I like including the word “activist” in my Twitter/Disqus/general Internet tagline/profile/thing, but then I started thinking it wasn’t quite fair. Am I really an activist if I often don’t have the time or energy to make it to events? Am I really an activist just because I sign petitions on Change.org, tweet and retweet important social justice and political messages, and try to stay abreast of news as much as I can? Am I an activist if I personally support causes but don’t do much about them outside of my apartment? I don’t know.
I come from a family with a tradition of standing up, of going to protests and rallies, and writing letters to the editor that actually get published. My uncle wrote a book on political scapegoating. My grandfather grew up in the first cooperative housing in the Bronx. My grandmother has an amazing political button collection for the Spanish Civil War, the labor movement, and more. My parents did not buy grapes when that meant you weren’t supporting underpaid laborers, and we don’t buy Welch’s juice because he was an anti-Semite. We do our things, little and small, to do right by the workers of the world, the underserved and underheard, and society as a whole.
I’m not necessarily someone you want in your louder activism. I know that I can help a lot of causes simply by being another body to be counted at a large event, and believing in the cause is the requisite, not making a speech. But I am also shy (no, really) and yet have a volatile temper, so it’s not always best for me to be out in public. Being around lots of people for lots of time gives me mini anxiety attacks that lead to a switch in my manic-depressiveness to whatever one I wasn’t currently in, usually meaning I stay home and in bed for a long time because I’m exhausted and kind of freaked out. That’s why I’m not the number one superactivist. But should I maybe try to forcibly rid myself of that tendency, even if it seems hardwired into me (not like you can force out a mental illness, after all)? I’m not sure. You tell me.
This one time (actually, a few times), I wrote about social justice and how it differs among the three branches of the Abrahamic faiths. So I guess if I have to be honest, I’m not so much an “activist” in that I go out and scream and shout and stand up (which I do think is really, really important) but instead a social justice-minded person, who thinks she does some good by volunteering at social justice or social service agencies, who wants to do research related to such things, and who likes to teach and get word out to encourage people to do the same. Does that count? I’ll call it tiny activism, and I’ll say it’s equally as important as “regular” activism. It just works for different contexts and efforts.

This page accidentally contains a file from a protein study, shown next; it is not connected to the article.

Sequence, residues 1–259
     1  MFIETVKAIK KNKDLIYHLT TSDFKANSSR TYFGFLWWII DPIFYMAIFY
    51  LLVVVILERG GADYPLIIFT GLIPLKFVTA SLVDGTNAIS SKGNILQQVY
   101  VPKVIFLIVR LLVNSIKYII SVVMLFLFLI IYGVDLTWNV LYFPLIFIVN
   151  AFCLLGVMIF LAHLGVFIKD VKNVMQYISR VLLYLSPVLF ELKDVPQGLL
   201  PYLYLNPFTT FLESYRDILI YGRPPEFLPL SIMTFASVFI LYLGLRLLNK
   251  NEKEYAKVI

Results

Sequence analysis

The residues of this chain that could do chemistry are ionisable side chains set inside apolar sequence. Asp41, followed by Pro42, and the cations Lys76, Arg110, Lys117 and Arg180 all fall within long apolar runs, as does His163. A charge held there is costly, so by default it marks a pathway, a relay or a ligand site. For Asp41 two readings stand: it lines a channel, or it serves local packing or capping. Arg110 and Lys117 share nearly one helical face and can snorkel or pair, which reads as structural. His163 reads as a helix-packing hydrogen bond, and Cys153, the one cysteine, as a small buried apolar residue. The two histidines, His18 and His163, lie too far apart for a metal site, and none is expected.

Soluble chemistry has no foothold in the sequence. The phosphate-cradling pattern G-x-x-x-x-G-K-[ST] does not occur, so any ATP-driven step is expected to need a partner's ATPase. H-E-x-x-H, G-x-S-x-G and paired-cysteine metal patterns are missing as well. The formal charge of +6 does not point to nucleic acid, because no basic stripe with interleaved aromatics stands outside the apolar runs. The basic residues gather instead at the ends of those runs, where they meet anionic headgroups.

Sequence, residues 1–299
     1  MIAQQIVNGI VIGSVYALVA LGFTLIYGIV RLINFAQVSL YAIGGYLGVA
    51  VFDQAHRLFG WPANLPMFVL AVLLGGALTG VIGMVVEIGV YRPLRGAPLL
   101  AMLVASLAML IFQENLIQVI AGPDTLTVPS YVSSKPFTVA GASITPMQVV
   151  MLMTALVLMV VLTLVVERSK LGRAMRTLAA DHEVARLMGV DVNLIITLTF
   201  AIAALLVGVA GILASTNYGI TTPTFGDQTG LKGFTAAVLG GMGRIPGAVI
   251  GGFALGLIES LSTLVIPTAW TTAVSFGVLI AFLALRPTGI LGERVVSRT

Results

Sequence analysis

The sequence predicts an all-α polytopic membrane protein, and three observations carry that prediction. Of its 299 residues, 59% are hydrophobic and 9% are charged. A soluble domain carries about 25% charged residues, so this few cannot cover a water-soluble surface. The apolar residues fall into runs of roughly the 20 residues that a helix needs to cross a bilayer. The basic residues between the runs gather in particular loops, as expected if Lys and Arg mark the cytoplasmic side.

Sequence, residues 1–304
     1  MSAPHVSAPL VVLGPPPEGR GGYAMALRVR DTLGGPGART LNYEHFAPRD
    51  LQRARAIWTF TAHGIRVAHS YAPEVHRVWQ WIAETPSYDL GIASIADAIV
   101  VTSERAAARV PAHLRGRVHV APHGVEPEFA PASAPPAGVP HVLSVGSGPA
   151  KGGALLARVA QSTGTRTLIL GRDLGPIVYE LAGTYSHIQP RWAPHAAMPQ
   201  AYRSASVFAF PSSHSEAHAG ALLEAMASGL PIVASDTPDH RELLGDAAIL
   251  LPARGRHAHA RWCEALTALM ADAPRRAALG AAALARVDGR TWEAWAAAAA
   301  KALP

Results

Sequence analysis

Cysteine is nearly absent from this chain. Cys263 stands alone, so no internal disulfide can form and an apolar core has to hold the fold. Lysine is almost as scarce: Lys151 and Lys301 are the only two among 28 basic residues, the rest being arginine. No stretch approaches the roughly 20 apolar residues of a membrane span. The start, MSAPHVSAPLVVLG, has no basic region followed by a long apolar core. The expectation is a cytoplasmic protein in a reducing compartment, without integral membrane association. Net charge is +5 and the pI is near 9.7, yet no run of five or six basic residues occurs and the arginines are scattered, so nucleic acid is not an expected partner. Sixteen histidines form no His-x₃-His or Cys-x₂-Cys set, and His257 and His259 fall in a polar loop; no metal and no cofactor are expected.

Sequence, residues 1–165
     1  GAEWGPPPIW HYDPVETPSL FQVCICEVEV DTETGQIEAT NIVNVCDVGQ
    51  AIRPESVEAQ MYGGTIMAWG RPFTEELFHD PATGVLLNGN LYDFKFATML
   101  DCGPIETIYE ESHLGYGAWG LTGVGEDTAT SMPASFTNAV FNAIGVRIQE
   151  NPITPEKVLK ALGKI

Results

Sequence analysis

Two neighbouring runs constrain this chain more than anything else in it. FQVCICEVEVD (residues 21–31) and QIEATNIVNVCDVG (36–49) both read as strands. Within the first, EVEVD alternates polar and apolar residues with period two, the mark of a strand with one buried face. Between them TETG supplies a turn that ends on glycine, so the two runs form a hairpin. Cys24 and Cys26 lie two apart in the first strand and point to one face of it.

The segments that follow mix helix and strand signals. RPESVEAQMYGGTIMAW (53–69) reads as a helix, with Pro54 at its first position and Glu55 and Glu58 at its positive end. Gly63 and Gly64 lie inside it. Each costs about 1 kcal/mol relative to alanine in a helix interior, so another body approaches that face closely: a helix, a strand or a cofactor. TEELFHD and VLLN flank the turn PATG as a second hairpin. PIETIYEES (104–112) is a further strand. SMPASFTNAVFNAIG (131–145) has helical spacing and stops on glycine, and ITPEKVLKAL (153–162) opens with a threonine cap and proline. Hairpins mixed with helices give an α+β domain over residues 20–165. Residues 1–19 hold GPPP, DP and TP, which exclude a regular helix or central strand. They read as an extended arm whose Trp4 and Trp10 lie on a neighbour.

For awhile I was involved with an effort to turn Peter Singer’s book The Life You Can Save into a full-fledged non-profit, which I thought was an amazing way to be the kind of activist I am best at being. I had to quit just because of time constraints with new hours and projects at work and school, but that’s something I think is perfect for tiny activists, because it mostly requires making a personal commitment to your finances. And, in the materials I developed, at least, it’s about starting conversations, discussing, writing letters, and encouraging others to do the same. It’s quiet, it doesn’t require marching, and yet it can really create a ripple effect that has a huge impact on global poverty rates, so long as people take the ideas and put them into action, at least personally, instead of leaving it as just a conversation. There’s a fine line in tiny activism (okay, any activism) between preaching to the choir and preaching to the unconverted.
I’m also happily participating in PLG@Simmons in a more active way this year, as Community Outreach Coordinator, and I think I have the potential to make some more ripples in causes that way, which is tiny in the sense that it’s not loud, but still meaningful. I hope. Is it always enough? No. Some things require physical presence, loudness, and overcoming shyness. I need to work on that. But it’s what I can do comfortably, and I think that’s ultimately a really great quality in any sort of activism, because it leads to sustained engagement.